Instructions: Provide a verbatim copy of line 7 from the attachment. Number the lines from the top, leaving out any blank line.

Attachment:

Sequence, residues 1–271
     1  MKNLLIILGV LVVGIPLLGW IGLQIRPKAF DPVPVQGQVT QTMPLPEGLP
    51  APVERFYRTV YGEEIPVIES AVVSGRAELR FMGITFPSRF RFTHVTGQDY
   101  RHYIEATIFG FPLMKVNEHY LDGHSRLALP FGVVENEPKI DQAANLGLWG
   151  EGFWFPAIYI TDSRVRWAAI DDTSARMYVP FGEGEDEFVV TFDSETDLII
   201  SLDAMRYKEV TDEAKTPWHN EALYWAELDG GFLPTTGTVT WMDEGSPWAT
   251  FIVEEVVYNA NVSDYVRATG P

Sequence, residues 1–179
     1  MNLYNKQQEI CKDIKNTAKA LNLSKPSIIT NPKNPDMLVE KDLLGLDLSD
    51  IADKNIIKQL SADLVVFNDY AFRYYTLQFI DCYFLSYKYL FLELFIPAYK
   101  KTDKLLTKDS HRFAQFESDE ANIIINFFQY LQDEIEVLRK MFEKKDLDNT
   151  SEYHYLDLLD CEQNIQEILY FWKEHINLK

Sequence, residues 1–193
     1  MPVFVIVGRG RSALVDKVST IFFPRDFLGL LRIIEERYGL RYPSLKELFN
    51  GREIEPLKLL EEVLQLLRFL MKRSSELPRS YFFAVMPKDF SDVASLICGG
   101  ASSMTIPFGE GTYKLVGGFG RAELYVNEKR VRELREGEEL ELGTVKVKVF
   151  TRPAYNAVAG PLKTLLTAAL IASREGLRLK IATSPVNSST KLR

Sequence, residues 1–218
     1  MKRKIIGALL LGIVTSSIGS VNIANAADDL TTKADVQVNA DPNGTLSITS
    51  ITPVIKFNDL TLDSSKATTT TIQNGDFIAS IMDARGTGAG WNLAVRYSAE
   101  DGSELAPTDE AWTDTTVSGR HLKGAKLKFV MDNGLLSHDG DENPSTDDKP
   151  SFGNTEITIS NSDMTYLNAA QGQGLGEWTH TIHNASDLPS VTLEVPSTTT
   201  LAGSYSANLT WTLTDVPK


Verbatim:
   251  FIVEEVVYNA NVSDYVRATG P